Would have been around 9.45pm Monday, when out of the darkness at the front of the section there came a muffled yelp and a flickering torchlight.
I’m not overly proud of the flower bed in the middle of the meadow we pretend is our front lawn, but I do rather like the acer we planted there about four years ago and worried the torch-bearer was somehow intent on tripping over its still fragile branches.
More stumbling, and the torch headed off towards the ditch on the right of the section. And then came back, wavering once more about the acer.
I opened a window and inquired of the torch what business it had wandering up our section in the darkness of a Monday night. Interrupting our half-hour of guilty-pleasure My Sky-ed Emmerdale.
“You’re 109, right?”
“Nah, 105 … 109’s up the road. Past the vacant section. They’ve got a nicer driveway. Fewer acers.”
“You sure? Google Maps says you’re 109.”
“Nah, definitely, 105.”
“You order takeout?”
“Nah, that sounds more like it would have been 109. Mind how you go.”
The torch briefly illuminated a green food-warming bag emblazoned with the name of a popular food delivery company as its carrier turned tail and tried to negotiate a tricky pitch-black trek past the kānuka and back to the road.
Food deliveries on Waiheke mark a wonderful stride forward for progress (after all, who hasn’t stared blankly at the fridge and then bemoaned the half bottle of wine that prevents a quick trip into the village for a takeout?). But that progress has to be backed up by a goodly mix of adequate technology and common sense.
In the case of food delivery, employing torch-bearers who know the island would undoubtedly have been common sense. Trusting the numbers on a letterbox over Google Maps would have displayed a similar case of common sense and understanding of technology.
By far the greatest exhibition of common sense I’ve come across this week – and possibly of the year – is the rather marvellous 24-page Waiheke Island Bus Network – Community Report and Response compiled by the rather marvellous Hana Blackmore.
A more straightforward take-down of Auckland Transport’s ham-fisted approach to shaking up Waiheke’s public transport network, you couldn’t hope to discover. While there’s certainly emotive language (the opening paragraph of the conclusion describes how “The complete upheaval of what was a stable, working and even comfortable network has left many people bewildered, anxious and seriously distressed”), the report’s power lies within its direct, factual and concisely presented language.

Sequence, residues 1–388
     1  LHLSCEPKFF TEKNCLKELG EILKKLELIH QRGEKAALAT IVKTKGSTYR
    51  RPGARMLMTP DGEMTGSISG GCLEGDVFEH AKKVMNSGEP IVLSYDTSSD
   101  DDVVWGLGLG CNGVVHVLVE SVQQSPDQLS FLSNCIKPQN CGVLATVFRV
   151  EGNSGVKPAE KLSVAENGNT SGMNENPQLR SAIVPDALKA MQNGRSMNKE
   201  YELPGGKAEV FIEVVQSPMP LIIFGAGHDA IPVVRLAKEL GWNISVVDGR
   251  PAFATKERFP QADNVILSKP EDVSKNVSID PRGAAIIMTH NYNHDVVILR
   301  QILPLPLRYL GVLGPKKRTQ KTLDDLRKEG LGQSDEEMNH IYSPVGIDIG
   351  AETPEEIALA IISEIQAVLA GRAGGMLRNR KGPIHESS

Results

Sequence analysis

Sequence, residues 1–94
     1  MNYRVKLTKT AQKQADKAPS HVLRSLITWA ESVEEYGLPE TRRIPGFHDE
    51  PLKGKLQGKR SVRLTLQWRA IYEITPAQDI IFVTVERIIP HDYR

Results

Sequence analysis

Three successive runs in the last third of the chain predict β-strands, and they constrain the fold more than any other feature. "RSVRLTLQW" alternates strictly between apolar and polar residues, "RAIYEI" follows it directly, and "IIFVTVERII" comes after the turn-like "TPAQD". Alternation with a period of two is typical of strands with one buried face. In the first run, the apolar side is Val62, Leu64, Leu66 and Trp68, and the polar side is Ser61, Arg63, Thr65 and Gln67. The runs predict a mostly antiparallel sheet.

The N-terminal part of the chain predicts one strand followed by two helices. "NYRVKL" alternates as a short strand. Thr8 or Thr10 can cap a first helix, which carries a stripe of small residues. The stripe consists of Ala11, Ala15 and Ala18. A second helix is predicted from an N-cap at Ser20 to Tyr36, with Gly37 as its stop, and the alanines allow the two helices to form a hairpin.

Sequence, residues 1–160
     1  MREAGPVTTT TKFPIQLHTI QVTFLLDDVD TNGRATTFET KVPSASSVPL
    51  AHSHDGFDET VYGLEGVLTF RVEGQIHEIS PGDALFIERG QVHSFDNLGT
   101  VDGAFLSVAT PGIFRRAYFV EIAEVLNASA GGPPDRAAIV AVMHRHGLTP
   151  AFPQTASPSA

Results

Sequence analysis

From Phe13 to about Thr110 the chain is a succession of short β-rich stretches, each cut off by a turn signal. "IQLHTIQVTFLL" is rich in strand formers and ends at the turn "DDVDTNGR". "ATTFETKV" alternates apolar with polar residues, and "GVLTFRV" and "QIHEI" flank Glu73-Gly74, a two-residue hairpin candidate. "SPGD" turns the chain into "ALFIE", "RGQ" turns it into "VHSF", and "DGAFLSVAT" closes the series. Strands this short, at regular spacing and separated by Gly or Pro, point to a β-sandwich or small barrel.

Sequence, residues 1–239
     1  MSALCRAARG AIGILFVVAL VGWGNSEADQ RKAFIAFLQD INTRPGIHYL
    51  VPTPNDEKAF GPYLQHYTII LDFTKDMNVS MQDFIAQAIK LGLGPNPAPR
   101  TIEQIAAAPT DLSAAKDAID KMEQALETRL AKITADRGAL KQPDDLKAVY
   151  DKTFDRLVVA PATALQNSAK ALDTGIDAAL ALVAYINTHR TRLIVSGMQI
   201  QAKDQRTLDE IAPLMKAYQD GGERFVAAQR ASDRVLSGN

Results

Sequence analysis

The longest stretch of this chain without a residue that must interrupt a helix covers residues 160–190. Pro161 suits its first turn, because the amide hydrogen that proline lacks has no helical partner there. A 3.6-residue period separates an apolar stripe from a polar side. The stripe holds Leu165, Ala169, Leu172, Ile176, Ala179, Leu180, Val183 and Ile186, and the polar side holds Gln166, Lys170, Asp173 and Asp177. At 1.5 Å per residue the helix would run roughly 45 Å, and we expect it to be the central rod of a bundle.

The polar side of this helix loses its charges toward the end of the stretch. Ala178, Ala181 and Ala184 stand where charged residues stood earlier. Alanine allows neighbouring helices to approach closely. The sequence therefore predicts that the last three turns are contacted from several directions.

There’s a timeline that clearly demonstrates AT’s lack of community engagement and understanding about where and how we live, a comprehensive survey and, most importantly, a series of solutions, notably an argument as to how to change the current system to allow more people to benefit while not costing AT any more of its budget.
“We offer further straightforward arguments for simple, viable adjustments to the new network that will better balance the needs of residents with the increasing number of visitors,” the report states. “This needs to be considered as part of the review of the whole network that AT will be conducting in the New Year. AT will be adjusting all the routes and timetables anyway when the new service from the car ferry starts, and of course Fullers move to the winter timetable, so this would be the opportune and cost-effective time to implement all changes.”
There’s more about Ms Blackmore’s report in Erin Johnson’s story on page 6 – but, truth be told, the whole thing deserves to be posted up as an instructive template of “citizen journalism” showing how to go about implementing change. Well researched, clear, dispassionate and reasonable arguments are not the usual stock-in-trade of the average New Zealand petition.
Just a quick nosy through the 120 petitions currently listed on Parliament’s website reveals one to raise the minimum age for marriage to 18 which states “I believe marriage should be abolished completely, but in the meantime it should be outlawed for all people under the age of 18 years because marriage is oppressive to women and girls”, and another that states that daylight saving is a “curse against humanity”.
What Ms Blackmore has created via her petition and report is a huge service not only to the people of Waiheke but also to AT, who now have at their fingertips a thoroughly sensible answer to the bus network.
I don’t imagine Ms Blackmore will let her activism stop at Tuesday’s delivery of the report to AT, but if she does have some time on her hands, maybe she might like to sort out a decent food delivery system too. • James Belfield